Earthquake effects on trout fishing…?
A strong earthquake rattled central New Zealand on Tuesday afternoon. The quake measured 6.2 in magnitude, according to geological monitoring service GeoNet. Its epicentre was 25km south-west of the town of Taumarunui, on the central North Island, and it struck at a depth of 207km.
More than 9000 people reported feeling the quake within 10 minutes of it striking at 3.14pm. All except me – I was enjoying a granny nap.
In New Zealand, there are dozens of minor earthquakes every day with 418 earthquakes registered by Geonet in the past week.
Many of the quakes were too small to be felt by anyone, but were still picked up Geonet.
Based on TRM inmates very unscientific results, the Tongariro River fishing was unusually erratic.
After a week of generally steady results with some delighted fishos after landing their limit of six (Hi Paddy – image on right) the pattern on Tuesday was harder and erratic. The fish knew something was amiss.
i.e. One of our more reliable fishos, Bruce Hutchins from New Plymouth, reported landing four and losing one before the quake struck but he commented, for him it was hard work. Then on the next day after the quake he landed five in the morning session, which indicated how quickly the trout recovered from any “quake stress”.
Bruce (image on right) also commented that any decent shake quickly becomes visually obvious from pumice flaking off the high cliffs which immediately colours up the rest of the river. This would also affect the trout behaviour and the fishing. For the fish, the flies would be much more difficult to identify aa they just stop feeding to wait until it clears.
Bruce was wading in the tail of Cicada Pool a couple of years ago when a huge flake peeled off the cliff and crashed into the pool. He just avoided being swamped by the mini tsunami.
The images below illustrate the high unstable pumice cliffs up the Tongariro River that erode and crumble under the slightest hiccup.
The following was TRM’s report after a similar earthquake fright on May 29th 2017:
About the Lateral Line
Trout have inner ears, which allow them to hear sounds as we do. They also have lateral lines, special sense organs used to “feel” sounds. Lateral lines allow trout to hear sounds that are too low for humans to hear. Every trout has two lateral lines, one on each side of its body. A lateral line is made of a series of U-shaped tubes. Every time the water outside the U vibrates because of a sound, a tiny hair at the base of the U wiggles, which sends a nerve signal to the brain. The trout’s brain translates the wiggle into information about where the vibration came from. Trout use lateral lines to find food, escape predators and keep away from obstacles.
Sometimes I suspect SWMBO has a lateral line too.
One scientific explanation is:
Recent animal sensory literature has been analyzed to evaluate the plausibility of reports of unusual animal behavior prior to earthquakes. Some species of fish possess remarkable sensitivity to pressure waves with frequencies below 50 Hz, which would enable them to sense earthquakes at least 1 to 3 Richter Magnitudes smaller than those detectable by human beings. Fish also have organs which can detect slight movements of water, although the available experimental data do not allow us to determine quantitatively whether they are sensing accelerations of water or variations in water displacement. Thus observations of unusual behavior of fish before earthquakes may be explained if the fish are responding to small foreshocks.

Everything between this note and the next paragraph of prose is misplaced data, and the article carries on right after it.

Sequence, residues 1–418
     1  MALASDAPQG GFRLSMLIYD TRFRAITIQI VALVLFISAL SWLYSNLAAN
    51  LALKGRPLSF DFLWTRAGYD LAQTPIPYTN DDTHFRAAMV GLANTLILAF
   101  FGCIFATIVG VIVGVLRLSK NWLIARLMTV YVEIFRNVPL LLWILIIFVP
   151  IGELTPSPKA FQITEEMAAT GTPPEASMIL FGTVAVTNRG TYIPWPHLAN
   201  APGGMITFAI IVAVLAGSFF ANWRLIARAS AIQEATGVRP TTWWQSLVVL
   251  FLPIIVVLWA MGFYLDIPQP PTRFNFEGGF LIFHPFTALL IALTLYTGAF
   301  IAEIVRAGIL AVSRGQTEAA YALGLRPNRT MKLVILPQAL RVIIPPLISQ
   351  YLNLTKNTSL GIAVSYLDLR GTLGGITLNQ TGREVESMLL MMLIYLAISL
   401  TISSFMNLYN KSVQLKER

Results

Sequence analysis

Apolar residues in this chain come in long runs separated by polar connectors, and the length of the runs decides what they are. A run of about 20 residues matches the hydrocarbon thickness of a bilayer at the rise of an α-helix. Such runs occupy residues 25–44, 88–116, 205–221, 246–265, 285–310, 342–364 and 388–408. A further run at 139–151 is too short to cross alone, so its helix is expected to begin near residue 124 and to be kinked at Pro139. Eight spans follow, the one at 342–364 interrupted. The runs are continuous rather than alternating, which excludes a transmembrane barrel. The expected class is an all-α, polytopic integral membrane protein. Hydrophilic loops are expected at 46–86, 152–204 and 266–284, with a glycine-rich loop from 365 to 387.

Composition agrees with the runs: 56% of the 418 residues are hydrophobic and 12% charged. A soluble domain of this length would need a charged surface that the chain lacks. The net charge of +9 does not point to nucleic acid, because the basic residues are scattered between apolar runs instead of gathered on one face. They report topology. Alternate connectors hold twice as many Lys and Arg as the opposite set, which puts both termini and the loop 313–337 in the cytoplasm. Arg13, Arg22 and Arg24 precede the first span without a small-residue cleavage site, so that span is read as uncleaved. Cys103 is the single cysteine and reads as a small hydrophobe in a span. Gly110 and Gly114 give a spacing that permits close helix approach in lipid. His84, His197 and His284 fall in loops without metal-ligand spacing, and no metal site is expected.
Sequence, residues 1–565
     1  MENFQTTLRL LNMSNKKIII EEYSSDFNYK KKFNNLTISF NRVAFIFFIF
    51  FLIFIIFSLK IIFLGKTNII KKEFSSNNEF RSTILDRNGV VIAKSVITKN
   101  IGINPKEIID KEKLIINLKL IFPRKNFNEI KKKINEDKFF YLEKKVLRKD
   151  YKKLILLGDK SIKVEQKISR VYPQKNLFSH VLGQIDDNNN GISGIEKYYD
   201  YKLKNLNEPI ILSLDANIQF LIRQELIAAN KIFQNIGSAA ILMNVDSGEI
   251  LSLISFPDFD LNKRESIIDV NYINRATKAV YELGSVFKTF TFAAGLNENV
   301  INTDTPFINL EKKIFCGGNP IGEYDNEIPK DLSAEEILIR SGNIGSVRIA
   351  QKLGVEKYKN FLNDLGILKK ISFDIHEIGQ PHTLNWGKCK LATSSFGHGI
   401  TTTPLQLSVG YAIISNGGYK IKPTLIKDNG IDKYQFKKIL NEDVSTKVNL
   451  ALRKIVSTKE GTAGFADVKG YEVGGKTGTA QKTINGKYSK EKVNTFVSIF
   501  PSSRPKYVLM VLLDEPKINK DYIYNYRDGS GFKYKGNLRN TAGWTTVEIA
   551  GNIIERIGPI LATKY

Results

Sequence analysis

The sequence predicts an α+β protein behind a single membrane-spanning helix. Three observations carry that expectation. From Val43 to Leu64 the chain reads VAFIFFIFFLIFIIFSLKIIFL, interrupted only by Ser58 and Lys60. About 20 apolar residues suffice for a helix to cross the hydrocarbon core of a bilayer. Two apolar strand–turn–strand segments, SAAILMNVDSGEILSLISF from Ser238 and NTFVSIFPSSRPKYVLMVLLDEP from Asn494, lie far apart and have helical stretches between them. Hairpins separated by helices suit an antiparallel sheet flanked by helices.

Most scientific explanations arrive after the event… I told you so… I knew all along… Yeah right.
The lateral line is a system of sense organs found in aquatic vertebrates, used to detect movement, vibration, and pressure gradients in the surrounding water. The sensory ability is achieved via modified epithelial cells, known as hair cells, which respond to displacement caused by motion and transduce these signals into electrical impulses via excitatory synapses. Lateral lines serve an important role in schooling behavior, predation, and orientation. For example, fish can use their lateral line system to follow the vortices produced by fleeing prey. Lateral lines are usually visible as faint lines of pores running lengthwise down each side, from the vicinity of the gill covers to the base of the tail. In some species, the receptive organs of the lateral line have been modified to function as electroreceptors, which are organs used to detect electrical impulses, and as such, these systems remain closely linked. Most amphibian larvae and some fully aquatic adult amphibians possess mechanosensitive systems comparable to the lateral line.
The lateral line system allows the detection of movement, vibration, and pressure gradients in the water surrounding an animal, providing spatial awareness and the ability to navigate in the environment.
Therefore it is far more sensitive to any variances or vibrations and pressure gradients, etc. So now you know…